Dutch trains are modern and the quickest way to travel between city centers in the country. Service is relatively frequent, with a minimum of two departures per hour for each route, and often more. Although many Dutch people complain about delays, the trains usually run roughly on time. Most staff speak English. Reserving a seat is not possible.
Intercity trains can come double-decker; they stop only at major stations. Sprinters (local trains) usually take in all or most stops on a route, so they are slower. Smoking is not permitted on trains and permitted only in designated zones in stations.
On most trains you have the choice of first or second class. First-class travel costs around 50% more (depending on the length of the journey), and on local trains gives you a slightly larger seat in a compartment that is less likely to be full. At peak travel times, first-class train travel is worth the difference.
Train tickets for travel within the country can be purchased at the last minute. Normal tickets are either enkele reis (one-way) or retour (round-trip). Round-trip tickets cost approximately 75% of two single tickets. They are valid only on the day you buy them, unless you ask specifically for a ticket with a different date. You can get on and off at will at stops in between your destinations until midnight. You can also use the OV-chipkaart, but remember to activate it for rail travel beforehand, to check in on the platform before you board, and to check out when you leave the train.
You can buy tickets at the ticket desk or at the yellow touch-screen ticket machines in every railway station. These machines accept debit cards and credit cards with a four-digit PIN code. Fares are slightly lower than if you visit a manned ticket desk. Note that you can't buy tickets aboard the trains, and you risk a hefty fine if you board and travel without one.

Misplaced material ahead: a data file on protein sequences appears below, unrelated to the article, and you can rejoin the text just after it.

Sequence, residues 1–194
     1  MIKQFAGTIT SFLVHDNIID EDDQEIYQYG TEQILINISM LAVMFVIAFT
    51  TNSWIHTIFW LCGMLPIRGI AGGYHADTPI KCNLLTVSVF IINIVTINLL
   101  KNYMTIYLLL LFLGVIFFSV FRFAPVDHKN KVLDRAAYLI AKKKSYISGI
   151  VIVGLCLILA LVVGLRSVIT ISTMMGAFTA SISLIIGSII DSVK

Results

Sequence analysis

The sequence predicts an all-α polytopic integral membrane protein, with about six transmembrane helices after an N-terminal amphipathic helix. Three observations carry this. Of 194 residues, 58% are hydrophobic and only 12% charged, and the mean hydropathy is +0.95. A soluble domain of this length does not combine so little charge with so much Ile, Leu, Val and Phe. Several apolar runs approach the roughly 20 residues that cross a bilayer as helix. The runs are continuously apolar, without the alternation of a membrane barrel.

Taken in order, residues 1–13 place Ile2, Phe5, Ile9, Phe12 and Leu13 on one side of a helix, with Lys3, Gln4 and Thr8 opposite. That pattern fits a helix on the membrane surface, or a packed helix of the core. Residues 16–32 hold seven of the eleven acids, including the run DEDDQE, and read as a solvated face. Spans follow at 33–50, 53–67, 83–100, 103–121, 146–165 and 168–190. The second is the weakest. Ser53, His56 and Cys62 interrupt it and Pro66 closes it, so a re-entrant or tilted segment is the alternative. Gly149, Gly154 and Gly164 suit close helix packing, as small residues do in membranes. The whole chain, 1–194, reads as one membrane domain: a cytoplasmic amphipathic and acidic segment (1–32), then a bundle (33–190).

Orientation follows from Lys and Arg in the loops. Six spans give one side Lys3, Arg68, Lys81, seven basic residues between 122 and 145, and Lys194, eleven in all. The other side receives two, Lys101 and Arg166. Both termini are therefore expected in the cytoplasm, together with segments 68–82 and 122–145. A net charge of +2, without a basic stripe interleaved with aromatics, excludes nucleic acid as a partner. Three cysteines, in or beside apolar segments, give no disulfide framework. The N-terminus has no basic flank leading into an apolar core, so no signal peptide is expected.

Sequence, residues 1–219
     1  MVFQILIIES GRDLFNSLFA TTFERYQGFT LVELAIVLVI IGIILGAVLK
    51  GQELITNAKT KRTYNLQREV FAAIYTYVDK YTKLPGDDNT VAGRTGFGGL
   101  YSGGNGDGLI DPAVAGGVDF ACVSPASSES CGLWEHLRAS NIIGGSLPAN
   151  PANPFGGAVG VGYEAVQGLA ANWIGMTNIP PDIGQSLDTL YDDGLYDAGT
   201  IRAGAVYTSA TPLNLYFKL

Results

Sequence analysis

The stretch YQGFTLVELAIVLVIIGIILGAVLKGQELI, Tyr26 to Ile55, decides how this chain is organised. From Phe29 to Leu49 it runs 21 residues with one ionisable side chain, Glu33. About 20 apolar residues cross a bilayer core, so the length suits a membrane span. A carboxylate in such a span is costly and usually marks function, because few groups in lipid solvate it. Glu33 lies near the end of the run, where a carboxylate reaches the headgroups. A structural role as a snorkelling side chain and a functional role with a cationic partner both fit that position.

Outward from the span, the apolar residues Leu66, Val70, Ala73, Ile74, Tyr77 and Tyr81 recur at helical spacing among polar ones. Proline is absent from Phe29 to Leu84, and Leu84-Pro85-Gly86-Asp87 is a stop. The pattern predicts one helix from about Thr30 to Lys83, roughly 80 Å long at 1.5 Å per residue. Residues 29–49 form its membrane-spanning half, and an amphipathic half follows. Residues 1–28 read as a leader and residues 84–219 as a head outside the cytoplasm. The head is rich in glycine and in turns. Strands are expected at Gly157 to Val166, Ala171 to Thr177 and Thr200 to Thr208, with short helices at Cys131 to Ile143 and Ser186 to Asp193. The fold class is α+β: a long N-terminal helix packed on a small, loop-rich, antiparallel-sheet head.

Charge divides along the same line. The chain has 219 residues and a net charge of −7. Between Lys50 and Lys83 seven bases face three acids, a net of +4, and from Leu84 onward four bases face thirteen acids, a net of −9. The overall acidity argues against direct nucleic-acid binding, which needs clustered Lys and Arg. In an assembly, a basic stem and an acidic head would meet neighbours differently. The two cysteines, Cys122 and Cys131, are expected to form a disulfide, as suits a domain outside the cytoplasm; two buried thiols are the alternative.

Train fares in Holland are lower than in most other European countries, but you can still save money by looking into rail passes—there is a host of special saver tickets that make train travel even cheaper. If you don't plan to cover many miles, then you're better off buying individual tickets; a dagkaart (unlimited travel pass for one day) costs €51.40 second-class, €87.40 first-class, but it is almost impossible to rack up enough miles to make it worthwhile. Short of flying, taking the Channel Tunnel is the fastest way to cross the English Channel: it's 35 minutes from Folkestone to Calais, 60 minutes from motorway to motorway, or a little over two hours from London's St. Pancras Station to Brussels, where you can change to a Thalys train to Amsterdam.
NS–Nederlandse Spoorwegen/Dutch Railways. www.ns.nl.
Information and Passes
Rail Europe. 44 S. Broadway, No. 11, White Plains, New York, 10601. 800/622–8600; 800/361–7245; www.raileurope.com/us.
Lost and Found. For lost and found on train lines and in stations, ask for a form at the nearest station. 0900/321–2100.
Public Transport Information. Hollandwide Public Transport Information, including schedules and fares. 0900/9292; www.9292.nl.